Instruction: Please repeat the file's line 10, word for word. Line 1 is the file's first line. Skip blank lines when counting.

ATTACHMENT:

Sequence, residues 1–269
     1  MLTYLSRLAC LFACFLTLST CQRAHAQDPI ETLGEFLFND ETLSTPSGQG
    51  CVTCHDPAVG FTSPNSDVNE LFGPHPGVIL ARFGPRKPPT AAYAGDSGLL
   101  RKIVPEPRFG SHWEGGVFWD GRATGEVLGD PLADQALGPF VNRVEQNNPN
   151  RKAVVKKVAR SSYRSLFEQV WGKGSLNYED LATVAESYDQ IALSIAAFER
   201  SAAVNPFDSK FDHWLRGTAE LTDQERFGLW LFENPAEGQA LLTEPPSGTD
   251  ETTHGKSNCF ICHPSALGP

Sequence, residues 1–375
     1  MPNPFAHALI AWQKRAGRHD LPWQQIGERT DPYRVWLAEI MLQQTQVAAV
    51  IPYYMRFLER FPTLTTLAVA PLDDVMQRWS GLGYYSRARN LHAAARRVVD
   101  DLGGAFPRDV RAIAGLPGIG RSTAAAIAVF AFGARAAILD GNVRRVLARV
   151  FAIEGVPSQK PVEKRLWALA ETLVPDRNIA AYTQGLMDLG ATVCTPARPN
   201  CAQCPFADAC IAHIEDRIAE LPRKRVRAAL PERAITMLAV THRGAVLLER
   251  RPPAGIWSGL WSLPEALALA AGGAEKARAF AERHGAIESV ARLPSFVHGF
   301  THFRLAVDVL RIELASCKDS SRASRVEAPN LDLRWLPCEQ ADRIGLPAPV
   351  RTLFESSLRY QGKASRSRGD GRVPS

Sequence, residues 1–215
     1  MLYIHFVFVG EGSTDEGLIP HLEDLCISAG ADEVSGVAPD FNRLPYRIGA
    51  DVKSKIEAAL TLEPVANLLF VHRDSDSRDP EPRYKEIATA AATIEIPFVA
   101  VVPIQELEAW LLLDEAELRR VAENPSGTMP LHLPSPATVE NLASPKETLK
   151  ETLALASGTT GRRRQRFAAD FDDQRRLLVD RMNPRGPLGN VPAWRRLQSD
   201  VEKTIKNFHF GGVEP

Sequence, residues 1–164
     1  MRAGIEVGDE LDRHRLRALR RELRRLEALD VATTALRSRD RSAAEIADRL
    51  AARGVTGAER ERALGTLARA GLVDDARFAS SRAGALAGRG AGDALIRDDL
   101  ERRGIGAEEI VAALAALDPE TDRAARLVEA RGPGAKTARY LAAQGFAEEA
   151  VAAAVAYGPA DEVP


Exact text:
    51  IPYYMRFLER FPTLTTLAVA PLDDVMQRWS GLGYYSRARN LHAAARRVVD